A video posted June 3 depicts a baby hippopotamus from the Cincinnati Zoo apparently playfully biting its trainer. The video gained thousands of likes and retweets when someone shared it with the caption, “to think this is evil.”
The video racked up more than 6.5 million views when another Twitter user shared it with the response: “Look at him... practicing to murder.” Some responses claimed hippos are the deadliest animals to humans.
Are hippos the deadliest animals to humans?
No, hippos are not the deadliest animals to humans. That distinction goes to mosquitoes. However, hippos are dangerous and can be deadly, so it’s not a good idea to hop into the hippo pen at a zoo or bother a wild hippo while on vacation.
WHAT WE FOUND
The video in the tweet is a May 24, 2017 video of Fiona, a Cincinnati Zoo hippo that was born six weeks premature. According to the Cincinnati Zoo’s press releases at the time, Fiona was already 254 pounds at 4 months old, her age at the time of the video’s release. Fiona was 622 pounds when the Cincinnati Zoo gave their last weight update on Dec. 19, 2017.
Adult female hippos can weigh between 1,400 and 5,000 lbs when fully grown. And their weight isn’t the only thing that makes hippos dangerous. The San Diego Zoo, which also raises hippos, explains online that hippos’ canine teeth and incisor teeth grow continuously, and the canines can reach 20 inches in length.
“Despite the hippos' cute appearance, they are among the most dangerous and aggressive of all mammals,” the San Diego Zoo explains. “A hippo can kill people if it's provoked or feels threatened. But the impressive tusks and canine teeth are used mainly for defense or fighting with other hippos.”
“I used to work in a park and the hippo can run,” said Philip Muruthi, a conservationist with the African Wildlife Foundation. “They can run up to 40 kilometers/45 kilometers an hour [about 25 mph]. And that means for humans, a hippo can catch up with you pretty easily.”
But Muruthi explained that despite the animal’s reputation, it’s not going to go out of its way to seek out a human to attack.
“A hippo has no reason to become a habitual human attacker because they eat vegetation,” Muruthi said. “That’s why it’s important to get educated rather than to label the hippo as a dangerous animal — to understand the animal, to understand not to get too close, to understand the need to plan our land properly. Hippos will avoid humans, they won't try to come to human dominated areas.”
He said hippos, like any wild animal, will react and defend themselves if people get too close to them. He stressed that the swamps and rivers that make up the bulk of hippos’ habitat need to be secured so they can exist without being encroached upon.
However, whether intentionally, by necessity or by mistake, people do get too close to hippos and are killed by them. There aren’t any official tallies on the annual number of deaths to hippos, or to most other animals, but many websites and articles reference an Encyclopedia Britannica article that estimates 500 to 3,000 people die from hippo attacks each year based on “accounts” recording the information.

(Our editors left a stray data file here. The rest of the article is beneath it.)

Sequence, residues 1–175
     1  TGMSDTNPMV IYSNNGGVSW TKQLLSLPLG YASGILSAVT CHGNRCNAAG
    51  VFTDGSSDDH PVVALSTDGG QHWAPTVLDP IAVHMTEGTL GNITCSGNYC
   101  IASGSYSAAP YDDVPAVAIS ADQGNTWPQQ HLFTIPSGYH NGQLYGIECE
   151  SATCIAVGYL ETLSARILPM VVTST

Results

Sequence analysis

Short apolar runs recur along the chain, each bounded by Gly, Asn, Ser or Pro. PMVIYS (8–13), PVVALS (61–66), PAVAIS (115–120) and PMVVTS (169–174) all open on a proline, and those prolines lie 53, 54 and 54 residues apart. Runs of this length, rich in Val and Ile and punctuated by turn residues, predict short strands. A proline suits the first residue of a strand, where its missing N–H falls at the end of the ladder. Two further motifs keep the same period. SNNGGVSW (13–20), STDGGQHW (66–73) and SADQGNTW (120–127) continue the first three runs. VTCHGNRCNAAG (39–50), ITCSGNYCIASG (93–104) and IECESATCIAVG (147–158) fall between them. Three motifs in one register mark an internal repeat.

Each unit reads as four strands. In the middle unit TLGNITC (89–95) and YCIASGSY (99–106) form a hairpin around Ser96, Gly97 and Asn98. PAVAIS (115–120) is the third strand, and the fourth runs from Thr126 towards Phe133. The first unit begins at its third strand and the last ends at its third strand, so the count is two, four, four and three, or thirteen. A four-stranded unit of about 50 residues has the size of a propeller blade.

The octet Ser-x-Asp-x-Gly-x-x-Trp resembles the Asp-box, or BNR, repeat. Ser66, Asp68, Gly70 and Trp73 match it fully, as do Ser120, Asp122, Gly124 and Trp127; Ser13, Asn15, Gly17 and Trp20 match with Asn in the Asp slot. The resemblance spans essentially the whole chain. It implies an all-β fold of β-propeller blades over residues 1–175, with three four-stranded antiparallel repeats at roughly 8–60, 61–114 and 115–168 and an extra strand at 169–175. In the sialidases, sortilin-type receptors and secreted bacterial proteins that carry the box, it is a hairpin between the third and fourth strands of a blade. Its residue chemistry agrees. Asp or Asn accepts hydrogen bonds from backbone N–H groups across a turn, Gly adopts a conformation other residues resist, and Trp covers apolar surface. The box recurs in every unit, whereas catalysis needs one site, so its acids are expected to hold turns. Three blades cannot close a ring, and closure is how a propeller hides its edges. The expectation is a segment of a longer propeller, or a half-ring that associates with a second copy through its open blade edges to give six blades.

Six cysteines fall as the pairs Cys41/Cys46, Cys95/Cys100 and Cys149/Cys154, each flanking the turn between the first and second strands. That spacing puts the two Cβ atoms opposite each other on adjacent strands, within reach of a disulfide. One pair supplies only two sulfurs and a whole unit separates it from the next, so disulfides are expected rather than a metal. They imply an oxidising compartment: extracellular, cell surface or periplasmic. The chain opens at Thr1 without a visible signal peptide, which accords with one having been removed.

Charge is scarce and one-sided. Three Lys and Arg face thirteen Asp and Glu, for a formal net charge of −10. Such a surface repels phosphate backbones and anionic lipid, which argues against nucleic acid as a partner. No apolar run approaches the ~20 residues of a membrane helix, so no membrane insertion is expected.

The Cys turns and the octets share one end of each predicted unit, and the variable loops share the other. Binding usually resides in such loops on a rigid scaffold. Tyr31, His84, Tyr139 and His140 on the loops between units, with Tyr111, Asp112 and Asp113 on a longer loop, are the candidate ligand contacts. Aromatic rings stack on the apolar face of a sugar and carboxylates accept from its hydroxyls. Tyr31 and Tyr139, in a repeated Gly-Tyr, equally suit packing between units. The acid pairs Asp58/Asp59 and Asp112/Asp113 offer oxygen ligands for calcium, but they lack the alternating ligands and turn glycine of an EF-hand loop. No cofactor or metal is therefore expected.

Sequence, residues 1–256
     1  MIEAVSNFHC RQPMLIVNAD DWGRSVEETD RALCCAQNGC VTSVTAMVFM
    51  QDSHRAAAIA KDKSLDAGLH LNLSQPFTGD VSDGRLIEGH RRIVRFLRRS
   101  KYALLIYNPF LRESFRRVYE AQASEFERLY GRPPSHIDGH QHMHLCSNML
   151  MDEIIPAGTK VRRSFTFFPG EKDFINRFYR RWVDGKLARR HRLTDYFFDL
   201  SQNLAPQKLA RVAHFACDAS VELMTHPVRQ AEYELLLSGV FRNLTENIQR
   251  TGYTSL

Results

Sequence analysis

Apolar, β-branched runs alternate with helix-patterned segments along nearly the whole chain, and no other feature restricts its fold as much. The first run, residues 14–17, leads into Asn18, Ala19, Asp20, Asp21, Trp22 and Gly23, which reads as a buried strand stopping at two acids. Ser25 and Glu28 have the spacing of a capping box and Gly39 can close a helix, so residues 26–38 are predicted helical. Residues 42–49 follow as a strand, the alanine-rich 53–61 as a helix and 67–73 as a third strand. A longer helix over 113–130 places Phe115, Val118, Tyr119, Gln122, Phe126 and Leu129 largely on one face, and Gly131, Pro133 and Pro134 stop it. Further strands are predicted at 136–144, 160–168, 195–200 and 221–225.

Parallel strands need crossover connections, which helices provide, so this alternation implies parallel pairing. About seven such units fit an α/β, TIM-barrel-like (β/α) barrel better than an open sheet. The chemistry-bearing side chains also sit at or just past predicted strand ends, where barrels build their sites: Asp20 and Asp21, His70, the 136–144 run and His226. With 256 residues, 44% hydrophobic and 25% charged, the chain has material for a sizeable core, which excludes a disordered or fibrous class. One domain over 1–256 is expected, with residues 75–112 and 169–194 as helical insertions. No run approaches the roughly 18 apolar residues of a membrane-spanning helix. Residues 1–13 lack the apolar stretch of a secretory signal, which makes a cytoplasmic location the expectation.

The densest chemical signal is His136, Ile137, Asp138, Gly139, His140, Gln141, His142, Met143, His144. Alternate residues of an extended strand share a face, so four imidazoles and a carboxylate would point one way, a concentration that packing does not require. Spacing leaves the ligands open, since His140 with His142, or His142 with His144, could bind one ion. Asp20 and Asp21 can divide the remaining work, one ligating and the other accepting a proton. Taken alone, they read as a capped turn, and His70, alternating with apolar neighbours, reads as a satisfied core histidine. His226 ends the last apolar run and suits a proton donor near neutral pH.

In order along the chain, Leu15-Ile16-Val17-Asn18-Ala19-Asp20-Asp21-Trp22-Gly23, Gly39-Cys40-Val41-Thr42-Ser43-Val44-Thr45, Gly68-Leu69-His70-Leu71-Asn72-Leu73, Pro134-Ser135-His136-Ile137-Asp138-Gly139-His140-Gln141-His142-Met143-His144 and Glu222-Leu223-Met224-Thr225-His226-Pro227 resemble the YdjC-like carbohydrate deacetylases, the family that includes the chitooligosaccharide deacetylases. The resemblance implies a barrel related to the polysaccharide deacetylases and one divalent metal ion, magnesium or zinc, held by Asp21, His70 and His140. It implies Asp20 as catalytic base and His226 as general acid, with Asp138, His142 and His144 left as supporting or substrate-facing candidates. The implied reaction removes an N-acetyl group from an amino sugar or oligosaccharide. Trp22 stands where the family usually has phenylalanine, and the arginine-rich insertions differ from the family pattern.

A study found there were 11 patients admitted to the emergency room of a Burundi hospital because of hippo bites over a two-year period. “Our data showed that during 2017–2018, animal bites represented 0.6% of the overall emergency department visits, of which 8% was caused by hippopotami,” the researchers wrote. However, hippo bites caused severe injury or infection more often than most other animal bites. The researchers believed this to be because of “crushing trauma” from the hippos “rather than the commonly described bite wounds of scratches, punctures and avulsions.”
The authors of the study confirmed there is no official data on how many humans die from hippo attacks annually.
“The human mortality rate from hippopotamus attacks is unknown but it is estimated to range from 500 to 3000 per year,” the study says. “This estimate comes from a few non-medical published papers; we did not find data in the medical literature regarding fatality rates.”
They did reference an older study that found hippo attacks resulted in fatalities of 87% of victims, a rate that’s significantly higher than that of lions or leopards.
“The probability of being killed by a hippopotamus attack (case fatality rate) is thought to be in the range of 29 to 87%,” the authors of the Burundi study wrote. “This compares to a death rate following a grizzly bear attack of 4.8%, shark attack at 22.7% and crocodile attack at 25%”
Although there aren’t official tallies of how many people die to hippos annually, the estimated totals come nowhere near that of the world’s deadliest animal. The not-for-profit World Mosquito Program and the American Mosquito Control Association say more than 1 million people die from mosquito-borne illnesses each year. The CDC calls mosquitoes “the world’s deadliest animal.”
Several other animals are believed to be deadlier than hippos, as well. The World Health Organization says between 81,000 and 138,000 people die from snakebites each year. The WHO also says dogs cause thousands of deaths annually, mostly because of rabies spread in countries with low and middle incomes. “An estimated 59,000 people die annually from rabies, and bites from rabid dogs account for the vast majority of these deaths,” it says.
Muruthi offered a final takeaway for people who may see hippos at the zoo or in the wild.
“If you are a tourist or you're watching an animal, give the animal space. Even an animal that you like, that you love. It’s still wild and therefore staying away is quite useful,” he said.
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